St. Brigid’s Cathedral, most recently rebuilt in the 19th century, stands on the original site of the nunnery founded by St. Brigid in the 5th century. Today it houses numerous religious artefacts including a 16th century vault, religious seals and a medieval water font, later used for christening. The architecture reflects the defensive function of the Cathedral, with distinctive Irish merlons (parapets) and walkways a noticeable feature of the roof.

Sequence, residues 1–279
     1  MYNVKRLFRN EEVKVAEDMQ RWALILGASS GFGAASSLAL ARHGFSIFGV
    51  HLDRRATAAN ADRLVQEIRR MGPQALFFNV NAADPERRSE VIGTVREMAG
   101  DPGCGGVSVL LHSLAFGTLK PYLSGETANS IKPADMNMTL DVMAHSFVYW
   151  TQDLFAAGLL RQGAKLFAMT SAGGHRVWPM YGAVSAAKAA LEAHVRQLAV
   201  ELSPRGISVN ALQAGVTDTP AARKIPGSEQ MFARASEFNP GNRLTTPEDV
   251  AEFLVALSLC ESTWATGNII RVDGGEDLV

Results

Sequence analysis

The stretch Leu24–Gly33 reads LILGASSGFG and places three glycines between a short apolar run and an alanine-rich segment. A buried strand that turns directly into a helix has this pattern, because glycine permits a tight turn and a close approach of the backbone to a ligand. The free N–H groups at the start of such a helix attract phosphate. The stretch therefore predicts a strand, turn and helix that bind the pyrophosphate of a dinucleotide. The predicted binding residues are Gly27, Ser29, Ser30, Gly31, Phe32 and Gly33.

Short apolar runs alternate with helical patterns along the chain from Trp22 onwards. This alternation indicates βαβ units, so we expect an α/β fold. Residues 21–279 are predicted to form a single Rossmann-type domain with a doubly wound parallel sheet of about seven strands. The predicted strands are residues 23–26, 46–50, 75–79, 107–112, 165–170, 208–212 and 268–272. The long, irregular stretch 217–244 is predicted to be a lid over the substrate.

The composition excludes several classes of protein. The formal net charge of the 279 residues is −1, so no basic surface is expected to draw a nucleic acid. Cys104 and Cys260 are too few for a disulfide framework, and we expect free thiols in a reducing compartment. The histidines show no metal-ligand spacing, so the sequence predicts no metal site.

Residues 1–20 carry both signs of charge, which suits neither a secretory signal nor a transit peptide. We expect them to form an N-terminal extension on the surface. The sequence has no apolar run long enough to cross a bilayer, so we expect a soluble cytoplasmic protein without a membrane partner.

Also in the Cathedral grounds and at 108 feet in height, Kildare’s Round Tower is open to the public during the season or on request. The tower is built atop Kildare Hill, the highest point in town. Its parapet affords panoramic views for miles, including the Curragh races! The raised doorway, some 4 meters off the ground, is surrounded by ornate Hiberno-Romanesque stonework. The tower base is constructed of Wicklow granite, transported from over 40 miles distant, and the higher portion is constructed from local limestone. The conical roof was originally destroyed and was replaced by a parapet to ‘facilitate viewing and complement the Cathedral’s architecture.’